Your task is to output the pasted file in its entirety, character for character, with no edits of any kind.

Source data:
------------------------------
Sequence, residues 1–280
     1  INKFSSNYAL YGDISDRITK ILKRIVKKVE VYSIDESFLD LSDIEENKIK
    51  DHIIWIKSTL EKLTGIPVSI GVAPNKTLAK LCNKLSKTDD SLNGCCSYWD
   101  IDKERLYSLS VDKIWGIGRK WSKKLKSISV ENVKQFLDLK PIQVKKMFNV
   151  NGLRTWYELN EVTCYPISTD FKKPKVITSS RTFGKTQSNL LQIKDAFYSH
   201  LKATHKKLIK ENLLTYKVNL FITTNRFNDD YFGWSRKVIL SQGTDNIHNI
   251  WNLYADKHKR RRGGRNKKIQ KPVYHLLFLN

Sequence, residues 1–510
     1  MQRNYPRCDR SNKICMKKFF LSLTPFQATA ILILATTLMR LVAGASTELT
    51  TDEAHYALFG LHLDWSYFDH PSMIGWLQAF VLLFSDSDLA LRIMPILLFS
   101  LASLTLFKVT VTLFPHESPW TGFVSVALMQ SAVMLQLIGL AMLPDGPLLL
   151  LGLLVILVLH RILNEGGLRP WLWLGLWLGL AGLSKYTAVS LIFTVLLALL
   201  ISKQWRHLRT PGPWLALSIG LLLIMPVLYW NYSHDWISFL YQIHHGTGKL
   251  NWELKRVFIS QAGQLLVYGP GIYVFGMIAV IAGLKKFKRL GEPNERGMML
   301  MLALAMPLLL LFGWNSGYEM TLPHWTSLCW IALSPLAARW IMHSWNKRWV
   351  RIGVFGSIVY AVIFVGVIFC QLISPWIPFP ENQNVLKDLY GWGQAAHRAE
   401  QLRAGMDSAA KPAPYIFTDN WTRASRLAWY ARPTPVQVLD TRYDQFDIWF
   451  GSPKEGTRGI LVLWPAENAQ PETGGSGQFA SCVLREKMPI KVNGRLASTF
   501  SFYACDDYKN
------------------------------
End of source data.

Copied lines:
Sequence, residues 1–280
     1  INKFSSNYAL YGDISDRITK ILKRIVKKVE VYSIDESFLD LSDIEENKIK
    51  DHIIWIKSTL EKLTGIPVSI GVAPNKTLAK LCNKLSKTDD SLNGCCSYWD
   101  IDKERLYSLS VDKIWGIGRK WSKKLKSISV ENVKQFLDLK PIQVKKMFNV
   151  NGLRTWYELN EVTCYPISTD FKKPKVITSS RTFGKTQSNL LQIKDAFYSH
   201  LKATHKKLIK ENLLTYKVNL FITTNRFNDD YFGWSRKVIL SQGTDNIHNI
   251  WNLYADKHKR RRGGRNKKIQ KPVYHLLFLN

Sequence, residues 1–510
     1  MQRNYPRCDR SNKICMKKFF LSLTPFQATA ILILATTLMR LVAGASTELT
    51  TDEAHYALFG LHLDWSYFDH PSMIGWLQAF VLLFSDSDLA LRIMPILLFS
   101  LASLTLFKVT VTLFPHESPW TGFVSVALMQ SAVMLQLIGL AMLPDGPLLL
   151  LGLLVILVLH RILNEGGLRP WLWLGLWLGL AGLSKYTAVS LIFTVLLALL
   201  ISKQWRHLRT PGPWLALSIG LLLIMPVLYW NYSHDWISFL YQIHHGTGKL
   251  NWELKRVFIS QAGQLLVYGP GIYVFGMIAV IAGLKKFKRL GEPNERGMML
   301  MLALAMPLLL LFGWNSGYEM TLPHWTSLCW IALSPLAARW IMHSWNKRWV
   351  RIGVFGSIVY AVIFVGVIFC QLISPWIPFP ENQNVLKDLY GWGQAAHRAE
   401  QLRAGMDSAA KPAPYIFTDN WTRASRLAWY ARPTPVQVLD TRYDQFDIWF
   451  GSPKEGTRGI LVLWPAENAQ PETGGSGQFA SCVLREKMPI KVNGRLASTF
   501  SFYACDDYKN